Do You Actually Have to Exercise to Lose Weight?

It’s a simple formula, right? You have to burn more calories than you take in to shed those pounds. What if it isn’t that simple, though? What if you can’t simply exercise those calories away? One new study says exercise isn’t the cure-all everyone thinks it is. Sweatin’ the Pounds Away May Not Help After All? It’s the mantra we’ve all been taught for years. If I sweat long and hard enough, that candy bar I just ate will dissolve into nothingness. Unfortunately, a new study says that might not be true if you’re already sedentary and overweight. Let’s take a quick look at the study to better understand what’s going on. • Conducted at the University of Pittsburg, 248 sedentary, overweight adults were followed for a period of 18 months where they exercised every week based on their study grouping.

  • Group one exercised for 75 minutes per week.
  • Group two exercised for 66 minutes per week.
  • Group three exercised for 154 minutes per week.

What happened? There was no real difference in weight change among the three groups.

  • Group one lost 0.7 percent of their body weight
  • Group two lost 0.9 percent of their body weight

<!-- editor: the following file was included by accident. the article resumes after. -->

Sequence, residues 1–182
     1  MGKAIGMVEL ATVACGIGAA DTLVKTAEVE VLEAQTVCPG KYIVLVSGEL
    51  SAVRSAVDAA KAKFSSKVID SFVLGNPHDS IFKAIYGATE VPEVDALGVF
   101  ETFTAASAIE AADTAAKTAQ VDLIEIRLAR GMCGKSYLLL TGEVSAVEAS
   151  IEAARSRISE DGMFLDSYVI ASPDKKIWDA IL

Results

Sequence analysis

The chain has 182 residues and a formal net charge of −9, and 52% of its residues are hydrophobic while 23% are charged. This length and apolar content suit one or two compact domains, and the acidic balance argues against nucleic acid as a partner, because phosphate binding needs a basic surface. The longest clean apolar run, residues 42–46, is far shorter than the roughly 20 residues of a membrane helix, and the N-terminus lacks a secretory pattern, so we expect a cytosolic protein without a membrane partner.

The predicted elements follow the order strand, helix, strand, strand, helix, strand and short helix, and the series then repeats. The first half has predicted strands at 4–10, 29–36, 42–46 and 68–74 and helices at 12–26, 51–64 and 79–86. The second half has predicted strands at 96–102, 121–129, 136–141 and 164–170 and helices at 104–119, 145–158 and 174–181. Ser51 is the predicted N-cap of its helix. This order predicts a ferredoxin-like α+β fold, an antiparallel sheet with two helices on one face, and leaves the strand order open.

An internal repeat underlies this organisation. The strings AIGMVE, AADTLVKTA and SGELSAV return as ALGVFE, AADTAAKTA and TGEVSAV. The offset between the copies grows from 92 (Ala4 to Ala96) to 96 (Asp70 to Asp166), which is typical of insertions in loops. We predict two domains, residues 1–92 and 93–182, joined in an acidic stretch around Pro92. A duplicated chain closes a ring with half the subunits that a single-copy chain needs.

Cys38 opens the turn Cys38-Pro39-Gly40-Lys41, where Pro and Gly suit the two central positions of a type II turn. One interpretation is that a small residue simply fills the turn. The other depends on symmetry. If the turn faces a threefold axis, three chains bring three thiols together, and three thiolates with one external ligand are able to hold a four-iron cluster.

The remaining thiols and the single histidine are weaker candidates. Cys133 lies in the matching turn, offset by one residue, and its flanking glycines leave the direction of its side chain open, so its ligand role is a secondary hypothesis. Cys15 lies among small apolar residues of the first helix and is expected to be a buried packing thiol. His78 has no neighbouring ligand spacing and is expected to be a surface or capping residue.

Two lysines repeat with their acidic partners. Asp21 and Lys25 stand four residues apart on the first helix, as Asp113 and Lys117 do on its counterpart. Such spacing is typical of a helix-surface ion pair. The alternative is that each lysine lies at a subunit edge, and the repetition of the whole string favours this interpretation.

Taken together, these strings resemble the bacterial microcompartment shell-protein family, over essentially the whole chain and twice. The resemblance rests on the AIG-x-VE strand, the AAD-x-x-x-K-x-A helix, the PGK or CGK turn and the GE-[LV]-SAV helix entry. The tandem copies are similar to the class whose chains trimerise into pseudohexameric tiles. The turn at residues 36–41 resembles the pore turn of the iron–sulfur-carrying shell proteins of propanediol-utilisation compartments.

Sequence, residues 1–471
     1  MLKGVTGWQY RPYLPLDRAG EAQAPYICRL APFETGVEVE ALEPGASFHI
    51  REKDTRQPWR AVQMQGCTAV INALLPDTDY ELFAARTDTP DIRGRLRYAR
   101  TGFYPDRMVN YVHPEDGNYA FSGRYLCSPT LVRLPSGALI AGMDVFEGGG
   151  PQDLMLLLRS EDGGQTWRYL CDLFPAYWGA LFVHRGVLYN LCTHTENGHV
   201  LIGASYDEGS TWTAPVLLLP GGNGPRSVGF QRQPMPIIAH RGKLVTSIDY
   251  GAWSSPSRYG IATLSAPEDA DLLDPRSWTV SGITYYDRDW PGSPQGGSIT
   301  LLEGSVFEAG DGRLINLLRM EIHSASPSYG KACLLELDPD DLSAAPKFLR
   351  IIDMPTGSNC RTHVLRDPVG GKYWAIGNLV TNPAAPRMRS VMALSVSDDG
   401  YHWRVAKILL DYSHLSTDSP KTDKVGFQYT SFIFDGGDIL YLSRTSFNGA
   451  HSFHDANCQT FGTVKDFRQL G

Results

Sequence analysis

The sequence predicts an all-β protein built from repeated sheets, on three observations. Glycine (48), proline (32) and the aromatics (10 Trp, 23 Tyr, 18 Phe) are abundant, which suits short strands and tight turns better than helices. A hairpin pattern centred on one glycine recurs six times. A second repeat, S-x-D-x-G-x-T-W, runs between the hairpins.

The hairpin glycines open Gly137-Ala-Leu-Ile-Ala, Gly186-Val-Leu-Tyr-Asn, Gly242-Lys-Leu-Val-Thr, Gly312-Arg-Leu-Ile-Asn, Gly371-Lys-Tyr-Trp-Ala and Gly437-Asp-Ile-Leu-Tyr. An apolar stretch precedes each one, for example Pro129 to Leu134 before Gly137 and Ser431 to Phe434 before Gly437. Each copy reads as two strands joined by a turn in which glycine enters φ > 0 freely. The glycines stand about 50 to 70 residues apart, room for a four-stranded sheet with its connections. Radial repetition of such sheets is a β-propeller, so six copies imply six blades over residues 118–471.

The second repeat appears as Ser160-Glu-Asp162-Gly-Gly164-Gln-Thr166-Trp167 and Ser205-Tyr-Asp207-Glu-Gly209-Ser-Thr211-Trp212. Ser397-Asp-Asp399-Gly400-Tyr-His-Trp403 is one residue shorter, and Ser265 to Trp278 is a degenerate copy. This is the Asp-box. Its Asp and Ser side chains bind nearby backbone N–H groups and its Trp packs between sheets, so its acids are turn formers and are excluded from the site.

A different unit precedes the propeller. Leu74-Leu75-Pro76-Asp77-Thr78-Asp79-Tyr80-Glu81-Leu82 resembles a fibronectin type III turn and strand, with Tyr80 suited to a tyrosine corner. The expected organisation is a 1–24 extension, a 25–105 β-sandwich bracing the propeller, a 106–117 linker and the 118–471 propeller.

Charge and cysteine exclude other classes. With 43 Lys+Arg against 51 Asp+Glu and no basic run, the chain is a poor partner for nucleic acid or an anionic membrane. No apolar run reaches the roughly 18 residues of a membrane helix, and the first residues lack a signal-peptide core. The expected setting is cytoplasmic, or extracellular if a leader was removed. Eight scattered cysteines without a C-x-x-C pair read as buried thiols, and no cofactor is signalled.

• Group three lost just 1.2 percent of their body weight.

Seriously, What is Going on Here? When you’re looking at an exercise study where a whopping 72 percent of the participants lost nothing or even GAINED weight, your first question is probably what’s up with this study. The bottom line here is that exercise alone doesn’t translate to weight loss. Eating behaviors are a much better indicator of shedding pounds. What You Can’t Take From This Study – the idea that exercise is without value. Far from it. Engaging in physical activity is one of the healthiest decisions you can make – it just won’t translate into weight loss on its own. Your own eating decisions have to play into the game somewhere. Healthy eating MUST play a role in any weight loss plan. Get the essential nutrition you need to fuel your body and help boost weight loss. Exercise can help, as long as you don’t compensate for calories burned by consuming more.